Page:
News Items from UNC Greensboro

111010Feature_SustainabilityThe grades are in. And UNCG rose nearly two letter grades, in the College Sustainability Report Card 2011.

It rated 322 institutions in the United States and Canada, and named UNCG a Campus Sustainability Leader. Overall, the university received a grade of B, up from a D+ last year.

The leadership designation is based on performance in six of the report card’s nine categories – administration, climate change and energy, food and recycling, green building, student involvement, and transportation. The Report Card identifies 120 Campus Sustainability Leaders, including only two others in North Carolina – Duke and UNC Chapel Hill.

“Our progress in sustainability is a tribute to the hard work of students, faculty and staff across campus,” said Chancellor Linda P. Brady. “We’re proud of the strides we’ve made, and we are committed to further improvement.”

The Report Card highlights many of UNCG’s recent sustainability initiatives and achievements:

  • Sustainability is one of UNCG’s five core values.
  • UNCG has created an Office of Sustainability and has hired a sustainability coordinator, Richard “Trey” McDonald, and a sustainability education and outreach coordinator, Jessica Trotman.
  • The university is creating an organic campus garden at 123 McIver St. UNCGreensboro Gardens, a group affiliated with the campus Sustainability Committee, has built dozens of raised beds, each 4’x8’ and framed with boards salvaged from an old barn. WFMY News 2 reported on the project.
  • Even while adding new buildings, the university has reduced annual energy consumption from 623 million to 577 million MBTUs (thousand British thermal units) since 2005. In 2007, UNCG became the first university in the UNC system to sign an energy performance contract, an agreement that paid for energy-efficiency upgrades to five buildings with future savings. Individual building electricity metering was installed during summer 2010, and an online dashboard will soon allow constant monitoring of energy and water use.
  • Students are volunteering as vampire energy “slayers,” working their way through academic buildings and bringing attention to electronic equipment that consumes energy even when off or in standby mode. Seventeen students have participated, and more than a dozen have signed up for future events.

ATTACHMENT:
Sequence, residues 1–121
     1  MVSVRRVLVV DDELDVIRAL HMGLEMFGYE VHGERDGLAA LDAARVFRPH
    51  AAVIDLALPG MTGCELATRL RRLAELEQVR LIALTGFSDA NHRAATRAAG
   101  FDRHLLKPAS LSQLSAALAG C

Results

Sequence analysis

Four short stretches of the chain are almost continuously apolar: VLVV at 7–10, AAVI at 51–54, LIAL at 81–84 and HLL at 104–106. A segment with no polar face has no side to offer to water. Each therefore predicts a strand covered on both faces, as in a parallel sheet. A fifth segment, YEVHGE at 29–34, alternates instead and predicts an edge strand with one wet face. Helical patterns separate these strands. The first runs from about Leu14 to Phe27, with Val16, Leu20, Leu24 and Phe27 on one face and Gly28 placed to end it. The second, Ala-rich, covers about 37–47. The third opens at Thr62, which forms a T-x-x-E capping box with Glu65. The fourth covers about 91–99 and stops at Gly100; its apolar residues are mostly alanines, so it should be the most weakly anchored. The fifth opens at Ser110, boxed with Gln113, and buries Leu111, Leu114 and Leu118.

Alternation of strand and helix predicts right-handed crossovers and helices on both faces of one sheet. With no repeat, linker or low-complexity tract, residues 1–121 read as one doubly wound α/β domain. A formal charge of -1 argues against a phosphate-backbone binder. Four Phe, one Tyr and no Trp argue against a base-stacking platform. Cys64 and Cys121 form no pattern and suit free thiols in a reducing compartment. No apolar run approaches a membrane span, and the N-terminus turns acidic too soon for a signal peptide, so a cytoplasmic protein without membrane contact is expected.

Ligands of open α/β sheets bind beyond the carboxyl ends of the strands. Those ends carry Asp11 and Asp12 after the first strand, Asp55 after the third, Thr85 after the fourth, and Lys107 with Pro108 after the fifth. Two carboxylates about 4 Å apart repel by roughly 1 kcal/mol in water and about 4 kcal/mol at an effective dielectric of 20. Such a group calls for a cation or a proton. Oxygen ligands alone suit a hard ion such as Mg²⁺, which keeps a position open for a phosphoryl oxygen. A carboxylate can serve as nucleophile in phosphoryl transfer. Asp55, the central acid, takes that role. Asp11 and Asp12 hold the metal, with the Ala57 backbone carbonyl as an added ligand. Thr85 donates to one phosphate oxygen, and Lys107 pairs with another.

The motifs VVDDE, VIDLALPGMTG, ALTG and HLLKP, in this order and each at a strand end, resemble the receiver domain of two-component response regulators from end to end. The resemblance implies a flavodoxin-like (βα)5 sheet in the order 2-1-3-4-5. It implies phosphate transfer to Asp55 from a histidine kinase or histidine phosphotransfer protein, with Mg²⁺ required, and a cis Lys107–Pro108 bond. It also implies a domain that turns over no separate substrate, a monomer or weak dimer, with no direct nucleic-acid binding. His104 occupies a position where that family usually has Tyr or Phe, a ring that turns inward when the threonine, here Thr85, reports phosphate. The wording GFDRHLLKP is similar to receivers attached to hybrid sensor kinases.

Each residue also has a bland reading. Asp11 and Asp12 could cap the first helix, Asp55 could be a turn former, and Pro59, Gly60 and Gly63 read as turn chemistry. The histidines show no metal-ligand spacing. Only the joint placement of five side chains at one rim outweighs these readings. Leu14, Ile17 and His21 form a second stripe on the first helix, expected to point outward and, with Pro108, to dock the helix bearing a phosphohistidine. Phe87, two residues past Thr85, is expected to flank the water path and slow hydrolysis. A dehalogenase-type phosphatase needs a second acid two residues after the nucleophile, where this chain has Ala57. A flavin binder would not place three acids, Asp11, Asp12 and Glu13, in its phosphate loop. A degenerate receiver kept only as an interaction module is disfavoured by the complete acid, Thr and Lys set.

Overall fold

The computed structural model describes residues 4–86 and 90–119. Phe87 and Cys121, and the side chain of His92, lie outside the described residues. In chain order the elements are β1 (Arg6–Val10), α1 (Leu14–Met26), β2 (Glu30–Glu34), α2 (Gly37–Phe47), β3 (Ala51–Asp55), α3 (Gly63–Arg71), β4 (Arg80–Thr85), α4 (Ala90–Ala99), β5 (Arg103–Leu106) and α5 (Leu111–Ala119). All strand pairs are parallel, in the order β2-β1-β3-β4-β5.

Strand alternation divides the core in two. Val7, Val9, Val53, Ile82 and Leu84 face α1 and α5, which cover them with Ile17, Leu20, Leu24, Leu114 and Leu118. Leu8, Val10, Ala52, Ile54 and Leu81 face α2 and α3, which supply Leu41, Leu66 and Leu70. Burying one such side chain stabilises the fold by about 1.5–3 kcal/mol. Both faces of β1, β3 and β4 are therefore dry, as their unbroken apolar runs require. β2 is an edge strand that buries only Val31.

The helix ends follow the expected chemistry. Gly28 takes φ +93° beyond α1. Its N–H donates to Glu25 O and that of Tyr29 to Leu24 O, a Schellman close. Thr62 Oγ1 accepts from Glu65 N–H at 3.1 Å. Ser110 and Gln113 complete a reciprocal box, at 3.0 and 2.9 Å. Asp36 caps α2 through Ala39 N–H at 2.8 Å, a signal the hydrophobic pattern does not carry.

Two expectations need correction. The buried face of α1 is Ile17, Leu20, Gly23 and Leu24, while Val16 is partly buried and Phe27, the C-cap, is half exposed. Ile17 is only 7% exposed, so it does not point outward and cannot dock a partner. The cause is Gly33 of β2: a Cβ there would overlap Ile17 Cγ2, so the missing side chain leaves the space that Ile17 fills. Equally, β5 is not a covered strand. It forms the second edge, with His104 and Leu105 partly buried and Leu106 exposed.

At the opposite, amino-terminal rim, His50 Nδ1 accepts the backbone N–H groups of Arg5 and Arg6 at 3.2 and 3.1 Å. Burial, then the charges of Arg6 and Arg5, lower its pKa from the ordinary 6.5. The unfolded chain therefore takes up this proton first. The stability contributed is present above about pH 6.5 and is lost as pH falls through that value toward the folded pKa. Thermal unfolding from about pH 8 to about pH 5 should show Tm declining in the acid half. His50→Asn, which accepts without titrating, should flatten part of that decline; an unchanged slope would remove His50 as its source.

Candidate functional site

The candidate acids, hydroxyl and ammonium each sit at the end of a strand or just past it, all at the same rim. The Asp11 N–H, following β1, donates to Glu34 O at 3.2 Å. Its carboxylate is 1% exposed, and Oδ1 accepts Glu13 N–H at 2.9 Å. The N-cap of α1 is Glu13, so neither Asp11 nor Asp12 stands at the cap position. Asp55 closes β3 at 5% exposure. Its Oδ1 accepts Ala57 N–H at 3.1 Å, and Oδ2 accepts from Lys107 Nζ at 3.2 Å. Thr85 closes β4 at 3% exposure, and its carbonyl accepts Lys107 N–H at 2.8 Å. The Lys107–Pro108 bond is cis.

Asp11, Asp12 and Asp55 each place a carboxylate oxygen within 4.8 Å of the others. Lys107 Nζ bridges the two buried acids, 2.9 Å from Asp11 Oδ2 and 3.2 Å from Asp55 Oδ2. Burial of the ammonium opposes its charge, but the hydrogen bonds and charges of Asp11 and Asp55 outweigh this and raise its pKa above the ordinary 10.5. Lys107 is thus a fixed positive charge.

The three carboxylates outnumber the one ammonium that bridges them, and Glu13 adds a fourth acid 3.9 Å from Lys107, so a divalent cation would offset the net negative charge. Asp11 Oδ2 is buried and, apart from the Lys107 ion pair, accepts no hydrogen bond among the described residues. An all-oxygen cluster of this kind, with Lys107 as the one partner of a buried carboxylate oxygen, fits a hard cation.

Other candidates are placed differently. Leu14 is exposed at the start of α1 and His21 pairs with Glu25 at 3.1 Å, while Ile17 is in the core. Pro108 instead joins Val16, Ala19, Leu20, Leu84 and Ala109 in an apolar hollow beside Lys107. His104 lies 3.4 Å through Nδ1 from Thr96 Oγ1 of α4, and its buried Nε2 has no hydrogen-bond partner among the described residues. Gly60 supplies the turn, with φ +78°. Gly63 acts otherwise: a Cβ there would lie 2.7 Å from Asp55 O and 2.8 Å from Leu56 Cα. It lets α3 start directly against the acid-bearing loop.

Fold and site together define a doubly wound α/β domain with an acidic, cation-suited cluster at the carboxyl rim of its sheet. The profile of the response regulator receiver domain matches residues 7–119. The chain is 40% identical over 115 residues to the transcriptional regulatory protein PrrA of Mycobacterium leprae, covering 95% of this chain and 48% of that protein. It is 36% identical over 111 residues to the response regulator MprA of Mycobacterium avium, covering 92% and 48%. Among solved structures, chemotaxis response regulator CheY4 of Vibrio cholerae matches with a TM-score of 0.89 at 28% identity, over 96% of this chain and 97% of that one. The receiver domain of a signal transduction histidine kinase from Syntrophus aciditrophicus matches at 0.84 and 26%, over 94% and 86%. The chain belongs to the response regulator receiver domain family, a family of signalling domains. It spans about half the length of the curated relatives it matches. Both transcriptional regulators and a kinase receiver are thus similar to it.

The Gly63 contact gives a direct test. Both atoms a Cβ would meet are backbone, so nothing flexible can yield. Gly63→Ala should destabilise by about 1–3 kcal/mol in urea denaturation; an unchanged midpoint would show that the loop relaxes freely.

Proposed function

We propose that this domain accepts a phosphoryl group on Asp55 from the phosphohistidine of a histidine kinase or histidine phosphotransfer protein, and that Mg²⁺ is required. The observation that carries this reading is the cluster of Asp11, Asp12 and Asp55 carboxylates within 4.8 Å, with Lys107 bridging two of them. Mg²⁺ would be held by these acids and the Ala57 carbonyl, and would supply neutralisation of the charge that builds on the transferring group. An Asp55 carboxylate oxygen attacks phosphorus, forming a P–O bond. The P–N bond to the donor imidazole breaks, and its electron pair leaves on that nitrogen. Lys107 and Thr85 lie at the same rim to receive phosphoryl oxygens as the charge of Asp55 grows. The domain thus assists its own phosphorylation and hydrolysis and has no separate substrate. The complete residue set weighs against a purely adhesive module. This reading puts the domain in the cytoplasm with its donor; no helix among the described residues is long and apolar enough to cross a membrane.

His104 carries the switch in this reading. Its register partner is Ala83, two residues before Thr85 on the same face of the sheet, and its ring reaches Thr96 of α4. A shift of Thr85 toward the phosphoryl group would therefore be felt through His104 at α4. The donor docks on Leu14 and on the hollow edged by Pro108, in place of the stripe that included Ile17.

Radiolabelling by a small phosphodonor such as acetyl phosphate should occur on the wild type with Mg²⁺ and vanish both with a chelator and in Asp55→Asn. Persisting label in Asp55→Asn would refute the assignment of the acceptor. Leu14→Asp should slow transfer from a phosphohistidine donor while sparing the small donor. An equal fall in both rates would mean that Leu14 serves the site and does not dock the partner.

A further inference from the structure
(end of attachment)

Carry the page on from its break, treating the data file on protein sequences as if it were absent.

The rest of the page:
• The number of people on campus has grown, but water usage has dropped from 176 million to 172 million gallons since 2005. Trayless dining reduces water usage and food waste. Low-flow faucets, showerheads and toilets have been installed in some residence halls. Where possible, landscaping is designed to minimize the need for watering.
  • Construction is under way on two buildings, a School of Education building and a residence hall, designed to meet LEED (Leadership in Energy and Environmental Design) Silver standards. The university plans to renovate the seven Quad residence halls and the Dining Hall to meet LEED Silver criteria during the next three years. In the past year, 92 percent of non-hazardous construction and demolition waste was diverted from landfills.
  • Each year, the Office of Waste Reduction and Recycling collects and sells the clothes, books, decorations and other items students leave behind when they leave their dorm rooms. The latest edition of the Cram & Scram Yard Sale in June raised more than $1,100 to support environmental learning opportunities for students and, best of all, kept more than six tons of material out of the landfill.
  • Since 2005, the amount of waste generated annually on campus (garbage, recycling and compost) has dropped from about 10,800 tons to 10,300 tons. Roughly 38 percent of that waste is recycled rather than sent to a landfill.
  • Zipcar, Zimride, Spartan Cycles and several bus services provide transportation alternatives. Two of the four Zipcars available on campus for short-term rental are hybrids. Zimride is a free rideshare matching network that helps connect drivers and riders interested in carpooling. Spartan Cycles allows students and employees to check out six bicycles provided by the non-profit bike advocacy group Bicycling in Greensboro with support from UNCG Police. Spartan Chariot buses operate on a campus loop seven days a week. Greensboro Transit Authority and HEAT buses provide free transportation to off-campus locations.
  • The university’s 159-vehicle motor pool includes 17 electric vehicles, 16 that use biofuel and 15 that use ethanol.
  • The Report Card is produced by the Sustainable Endowments Institute, a nonprofit organization engaged in research and education to advance sustainability in campus operations and endowment practices. Founded in 2005, the institute is based in Cambridge, Mass.

Visual: A campus Earth Day information fair.

By Dan Nonte
Photograph by Becky Kates

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